"How we complain so much and they don't even complain," he said. "They go with what they have. They can't wait for it to rain. There is no electricity in a lot of places. Some had shoes ran down, some walked barefoot and yet they all were full of life.

"I was definitely thrown back."

Adams went to South Africa in March 2017 with Tony Carter (cornerback for NFL eight seasons), William Gay (Giants cornerback), Brandon Marshall (Seahawks wide receiver), Duke Ihenacho (free agent strong safety), Omar Bolden (free agent strong safety) and P.J. Williams (Saints cornerback).

They each packed two suitcases, one with their clothes and the other with donations for the orphanage.

They also had plenty of cash, until the woman that ran the orphanage explained how she was trying to build a school but didn't have the funds to do it.

"We all took the money we had in our pockets, like $3,500 or whatever it was, and gave it to her for the construction of a school," Adams recalled. "She was so grateful, so happy. She was like, 'I'll make sure it goes to the right place.' We were like, 'We believe you.'

"I want to go back."

Christmas in March

Kids huddled around the suitcases as Adams and his group began pulling out gifts.

"There was this little girl and the first thing she grabbed was slippers," Adams said. "A young boy, the first thing he grabbed was a ball or Frisbee. So you see the difference in genders. He wanted to play and she wanted to cover her feet.

"But it was cool to see the smiles on all of their faces."

Those with Adams felt the same way.

"This is one of the most humbling experience I've had in my life," Carter said in a video documenting the South Africa trip.

Ihenacho agreed.

"You learn stuff from these kids. They can find happiness in the smallest things," he said. "Not all of us in the states grew up with a silver spoon, but compared to this we do."

Adams is reminded of how lucky he is when looking back before the start of camp, but in reality "it doesn't do it any justice looking at the pictures."

"You have to be there," he said. "That's what I tell people. You can look at the pictures and it may remind you of something, but you have to be there to get that full effect.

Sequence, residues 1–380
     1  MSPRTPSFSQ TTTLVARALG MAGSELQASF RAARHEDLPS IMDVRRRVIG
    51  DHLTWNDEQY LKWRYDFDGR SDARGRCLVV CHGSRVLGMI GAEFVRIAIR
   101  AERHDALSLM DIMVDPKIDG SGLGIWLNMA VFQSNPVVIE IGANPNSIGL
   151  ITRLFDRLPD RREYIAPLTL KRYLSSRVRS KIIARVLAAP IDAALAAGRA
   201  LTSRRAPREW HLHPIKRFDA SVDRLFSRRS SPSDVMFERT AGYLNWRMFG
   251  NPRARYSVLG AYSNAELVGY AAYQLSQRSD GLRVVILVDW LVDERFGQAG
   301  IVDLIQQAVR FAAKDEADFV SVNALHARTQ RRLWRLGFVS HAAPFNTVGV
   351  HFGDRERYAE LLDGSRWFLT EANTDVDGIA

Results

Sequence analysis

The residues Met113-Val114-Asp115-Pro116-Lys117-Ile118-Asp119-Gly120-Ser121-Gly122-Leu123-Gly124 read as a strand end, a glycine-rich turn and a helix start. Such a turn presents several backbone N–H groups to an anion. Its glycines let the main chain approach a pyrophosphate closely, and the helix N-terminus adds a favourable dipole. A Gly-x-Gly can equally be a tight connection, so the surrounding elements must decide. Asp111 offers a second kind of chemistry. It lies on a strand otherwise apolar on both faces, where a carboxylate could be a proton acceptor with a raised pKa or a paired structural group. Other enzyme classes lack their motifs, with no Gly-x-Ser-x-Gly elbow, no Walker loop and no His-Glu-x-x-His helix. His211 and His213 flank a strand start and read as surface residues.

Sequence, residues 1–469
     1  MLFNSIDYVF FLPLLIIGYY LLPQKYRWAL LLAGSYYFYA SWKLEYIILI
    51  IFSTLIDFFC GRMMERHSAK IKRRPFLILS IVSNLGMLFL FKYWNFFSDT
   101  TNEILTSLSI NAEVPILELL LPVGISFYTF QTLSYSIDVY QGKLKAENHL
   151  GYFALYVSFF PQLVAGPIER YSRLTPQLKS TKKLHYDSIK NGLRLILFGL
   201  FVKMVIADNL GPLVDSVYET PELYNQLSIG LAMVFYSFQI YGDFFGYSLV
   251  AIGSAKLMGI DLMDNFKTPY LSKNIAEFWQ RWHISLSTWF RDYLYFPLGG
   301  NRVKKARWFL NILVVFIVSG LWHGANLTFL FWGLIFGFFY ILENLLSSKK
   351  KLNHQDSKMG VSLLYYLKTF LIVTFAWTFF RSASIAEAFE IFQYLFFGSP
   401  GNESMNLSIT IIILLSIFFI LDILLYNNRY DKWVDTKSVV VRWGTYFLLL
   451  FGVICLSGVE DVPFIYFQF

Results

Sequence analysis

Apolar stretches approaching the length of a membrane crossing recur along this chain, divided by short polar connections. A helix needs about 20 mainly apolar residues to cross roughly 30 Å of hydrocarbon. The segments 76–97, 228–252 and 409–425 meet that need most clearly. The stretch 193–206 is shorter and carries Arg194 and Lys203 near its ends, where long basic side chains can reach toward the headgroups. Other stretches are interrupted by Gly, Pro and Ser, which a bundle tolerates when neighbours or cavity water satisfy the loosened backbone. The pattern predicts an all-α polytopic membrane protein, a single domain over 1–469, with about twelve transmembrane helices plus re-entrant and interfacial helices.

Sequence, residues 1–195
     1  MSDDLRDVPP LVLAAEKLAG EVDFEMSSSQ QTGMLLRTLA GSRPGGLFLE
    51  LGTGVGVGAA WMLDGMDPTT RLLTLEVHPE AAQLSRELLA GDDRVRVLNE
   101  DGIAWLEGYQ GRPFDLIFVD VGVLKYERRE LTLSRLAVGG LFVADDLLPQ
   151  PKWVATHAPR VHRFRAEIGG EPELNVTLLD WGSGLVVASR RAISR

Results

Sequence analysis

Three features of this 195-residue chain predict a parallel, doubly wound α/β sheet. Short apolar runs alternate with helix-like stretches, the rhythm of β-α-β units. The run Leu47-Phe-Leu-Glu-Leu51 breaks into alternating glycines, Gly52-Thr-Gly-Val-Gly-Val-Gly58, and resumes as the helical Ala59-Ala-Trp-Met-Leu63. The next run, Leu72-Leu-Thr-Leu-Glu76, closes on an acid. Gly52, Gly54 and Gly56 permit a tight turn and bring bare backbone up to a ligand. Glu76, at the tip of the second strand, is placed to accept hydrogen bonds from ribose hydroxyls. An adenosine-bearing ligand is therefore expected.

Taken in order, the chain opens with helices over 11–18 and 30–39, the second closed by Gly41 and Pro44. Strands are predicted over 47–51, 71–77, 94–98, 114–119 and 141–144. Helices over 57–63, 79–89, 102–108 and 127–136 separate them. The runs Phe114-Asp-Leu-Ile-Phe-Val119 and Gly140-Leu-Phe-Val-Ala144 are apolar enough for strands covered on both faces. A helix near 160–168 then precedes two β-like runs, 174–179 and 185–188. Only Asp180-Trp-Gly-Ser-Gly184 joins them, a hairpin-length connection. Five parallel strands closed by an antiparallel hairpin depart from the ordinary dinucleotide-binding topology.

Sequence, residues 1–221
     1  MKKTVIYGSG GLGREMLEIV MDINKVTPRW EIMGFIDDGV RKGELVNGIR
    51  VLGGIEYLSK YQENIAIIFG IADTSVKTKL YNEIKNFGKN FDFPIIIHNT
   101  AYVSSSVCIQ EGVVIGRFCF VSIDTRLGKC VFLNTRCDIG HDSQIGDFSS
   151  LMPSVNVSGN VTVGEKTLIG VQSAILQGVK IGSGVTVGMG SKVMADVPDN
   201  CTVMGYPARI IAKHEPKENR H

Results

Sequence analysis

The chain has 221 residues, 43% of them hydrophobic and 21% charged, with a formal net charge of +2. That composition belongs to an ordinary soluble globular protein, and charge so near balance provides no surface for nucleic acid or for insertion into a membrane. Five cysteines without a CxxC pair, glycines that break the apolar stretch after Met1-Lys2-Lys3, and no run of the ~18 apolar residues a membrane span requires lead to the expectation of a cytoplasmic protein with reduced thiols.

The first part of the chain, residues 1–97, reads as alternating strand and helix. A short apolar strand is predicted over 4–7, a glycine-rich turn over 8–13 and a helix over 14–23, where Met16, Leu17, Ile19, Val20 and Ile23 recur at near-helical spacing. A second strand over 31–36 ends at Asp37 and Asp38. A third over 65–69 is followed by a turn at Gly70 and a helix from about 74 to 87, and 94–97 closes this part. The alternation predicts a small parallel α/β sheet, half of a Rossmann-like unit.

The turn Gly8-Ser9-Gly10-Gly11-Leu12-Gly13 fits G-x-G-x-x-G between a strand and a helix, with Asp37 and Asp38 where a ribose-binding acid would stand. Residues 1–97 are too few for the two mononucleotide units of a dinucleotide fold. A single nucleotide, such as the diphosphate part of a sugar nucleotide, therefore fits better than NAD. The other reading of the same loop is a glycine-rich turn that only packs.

"You just telling somebody, they'll be like, 'Oh, wow! Really!' They've got to go.' But until you experience it, you just don't realize how powerful it is."


Adams is entering his 15th season since joining the NFL as an undrafted player out of Delaware. His 21 takeaways over the past four seasons ranks No. 3 in the league during that time. He seems to be getting better with age, and Panthers coach Ron Rivera said this week he expects more from his veteran safety in 2018.

Adams also is making an impact off the field through his "Conquerors Foundation" that has sponsored football camps and other charitable events at home.

He initially was going to do another camp in Paterson in 2017, but then decided to take his charity outside the country. That's how he landed at the orphanage in South Africa in what turned out to be a life-changing experience.

"When we got there the lady had all the kids," Adams said. "We were like, 'When will somebody come pick them up?' She was, 'No, nobody picks up the kids.' She said what happens is usually somebody gets pregnant, and when they have the kid, they drop it off and never come back.

"Little babies! She had 6-month-old kids somebody left at steps."

Adams doesn't know how much longer he can play football. He's in the last of a two-year deal with the Panthers and at an age where most safeties are long retired.

But he knows he can continue making an impact off the field, and can't wait for his next adventure to South Africa.

"And it won't stop there," Adams said. "We've been fortunate enough to blossom in our careers. We don't have to do this, but we kind of feel obligated."